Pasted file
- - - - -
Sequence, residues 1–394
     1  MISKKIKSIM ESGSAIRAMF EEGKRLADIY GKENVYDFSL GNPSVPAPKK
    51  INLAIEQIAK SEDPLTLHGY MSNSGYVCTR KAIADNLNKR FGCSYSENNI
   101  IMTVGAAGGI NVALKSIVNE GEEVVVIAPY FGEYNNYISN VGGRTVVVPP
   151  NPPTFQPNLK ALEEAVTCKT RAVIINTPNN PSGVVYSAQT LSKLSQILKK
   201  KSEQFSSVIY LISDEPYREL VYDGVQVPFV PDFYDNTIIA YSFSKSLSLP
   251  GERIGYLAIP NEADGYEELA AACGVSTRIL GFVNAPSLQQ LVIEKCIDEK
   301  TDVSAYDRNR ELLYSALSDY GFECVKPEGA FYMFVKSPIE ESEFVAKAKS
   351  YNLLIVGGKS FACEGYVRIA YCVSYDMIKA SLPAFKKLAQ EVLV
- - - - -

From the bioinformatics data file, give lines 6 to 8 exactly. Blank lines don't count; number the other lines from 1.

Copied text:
   201  KSEQFSSVIY LISDEPYREL VYDGVQVPFV PDFYDNTIIA YSFSKSLSLP
   251  GERIGYLAIP NEADGYEELA AACGVSTRIL GFVNAPSLQQ LVIEKCIDEK
   301  TDVSAYDRNR ELLYSALSDY GFECVKPEGA FYMFVKSPIE ESEFVAKAKS